Review by-Jarrett Leahy
Wadjda is an 11-year-old girl living in Riyadh, the capital city of Saudi Arabia. Free spirited and a bit of an odd duckling, it is Wadjda’s dream to buy her very own bicycle so that she can race and beat her friend Abdullah. However, in the Saudi culture, it is believed that girls should not ride bikes because they are seen as a threat to a girl’s virtue. Never one to be deterred and ever the resourceful young girl, Wadjda has been saving every Riyal she can get her hands on, but still finds herself hundreds short of the amount needed for her beloved bicycle. One day, Wadjda decides to sign up for the schoolwide Koran recitation contest, hoping the prize money for first place will be enough get her the bike she so dearly covets.
Wadjda is everything you could ask for in a piece of world cinema. One of the signs of a truly gifted foreign film is if it helps the viewer better understand a culture different from their own. Here Wadjda succeeds gloriously, taking us out of our comfort zone and showing how other people live halfway across the world. We are told that Saudi women are not to be seen or heard in public by men. Because Wadjda’s mother can’t produce a male heir, we see that under Saudi law, her father has the right to find another wife if he so desires. And we feel and sympathize for Wadjda, who is beginning to grasp some of the harsh realities she must face in the society she lives in.
Waad Mohammed, the young actress who plays Wadjda is simply a revelation on screen. She confidently personifies the fearless optimism of a young girl who refuses to let life bring her down. From the opening scene, she grabs your heart and doesn’t let go. Striking Saudi actress Reem Abdullah offers a poignantly moving performance as Wadjda’s mother. Always under the constant pressure of society rules, we see and feel her inner strife through her silent yet emotive facial expressions as she toils to provide for Wadjda while trying to persuade her husband not to choose another wife. The loving interactions between mother and daughter are genuine and heartfelt, and their final scenes will leave you with a lump in your throat.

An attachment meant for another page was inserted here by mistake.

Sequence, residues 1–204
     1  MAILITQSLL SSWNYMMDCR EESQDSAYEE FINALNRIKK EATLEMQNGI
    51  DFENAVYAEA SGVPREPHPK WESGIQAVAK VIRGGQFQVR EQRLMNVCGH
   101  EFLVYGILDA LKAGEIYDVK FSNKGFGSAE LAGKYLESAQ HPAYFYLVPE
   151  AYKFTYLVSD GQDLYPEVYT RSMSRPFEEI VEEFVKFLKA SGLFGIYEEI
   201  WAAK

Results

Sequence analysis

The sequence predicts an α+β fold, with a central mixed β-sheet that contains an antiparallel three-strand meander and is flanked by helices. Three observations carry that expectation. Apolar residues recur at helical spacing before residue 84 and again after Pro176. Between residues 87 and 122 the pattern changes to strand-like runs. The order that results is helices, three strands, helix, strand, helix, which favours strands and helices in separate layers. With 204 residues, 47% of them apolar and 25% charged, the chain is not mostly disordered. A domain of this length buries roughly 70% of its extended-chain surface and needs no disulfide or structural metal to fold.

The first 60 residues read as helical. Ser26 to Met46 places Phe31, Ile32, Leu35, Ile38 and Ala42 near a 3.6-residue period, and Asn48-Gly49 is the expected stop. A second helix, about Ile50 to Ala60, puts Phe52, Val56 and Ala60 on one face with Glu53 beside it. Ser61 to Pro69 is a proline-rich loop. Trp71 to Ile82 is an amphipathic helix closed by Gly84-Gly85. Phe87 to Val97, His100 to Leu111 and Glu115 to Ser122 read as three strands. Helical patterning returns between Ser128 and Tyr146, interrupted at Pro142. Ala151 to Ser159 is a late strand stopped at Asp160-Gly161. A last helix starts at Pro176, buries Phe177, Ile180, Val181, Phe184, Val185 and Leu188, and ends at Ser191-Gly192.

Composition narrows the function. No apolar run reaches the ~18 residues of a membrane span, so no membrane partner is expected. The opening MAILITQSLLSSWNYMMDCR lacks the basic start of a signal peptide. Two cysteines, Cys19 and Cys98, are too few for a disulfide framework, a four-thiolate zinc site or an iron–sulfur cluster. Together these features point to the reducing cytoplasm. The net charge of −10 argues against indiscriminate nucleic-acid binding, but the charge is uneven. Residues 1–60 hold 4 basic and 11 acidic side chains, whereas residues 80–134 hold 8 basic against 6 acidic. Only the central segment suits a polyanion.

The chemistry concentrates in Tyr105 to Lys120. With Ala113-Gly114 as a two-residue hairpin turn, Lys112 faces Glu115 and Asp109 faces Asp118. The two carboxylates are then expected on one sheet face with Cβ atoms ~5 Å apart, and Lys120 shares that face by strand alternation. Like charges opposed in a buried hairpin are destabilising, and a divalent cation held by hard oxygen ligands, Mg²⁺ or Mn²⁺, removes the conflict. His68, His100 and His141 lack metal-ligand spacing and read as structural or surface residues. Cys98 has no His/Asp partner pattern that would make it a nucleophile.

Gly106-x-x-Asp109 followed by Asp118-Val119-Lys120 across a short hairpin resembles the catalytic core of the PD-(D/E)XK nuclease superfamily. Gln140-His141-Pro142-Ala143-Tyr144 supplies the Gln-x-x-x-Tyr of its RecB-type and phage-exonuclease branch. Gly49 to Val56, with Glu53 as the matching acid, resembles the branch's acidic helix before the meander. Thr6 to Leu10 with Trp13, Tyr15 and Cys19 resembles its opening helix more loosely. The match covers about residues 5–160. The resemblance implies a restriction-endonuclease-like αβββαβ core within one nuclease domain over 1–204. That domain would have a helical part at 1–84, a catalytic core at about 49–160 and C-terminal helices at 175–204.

What makes this gifted film even more special is that Wadjda is the first feature film shot entirely in Saudi Arabia. Even more, it is the first feature-length film made by a female Saudi director, Haifaa Al-Mansour. It was reported that because of the constraints placed on women in Saudi Arabia, Al-Mansour was not permitted to interact directly with the men on her film crew. During street scenes, she was forced to watch on a monitor in a vehicle close by and then give directions by using a walkie-talkie.
A marvel that it was even made, Wadjda is superb storytelling. It transports the viewers into a foreign land and grants them the opportunity to experience life in a society very different from their own. Skillfully accepting the heavy burden of carrying a film at such a young age, Waad Mohammed shines as the title character. If by the end, this adorable little girl doesn’t win you over, you may want to check your pulse.-JL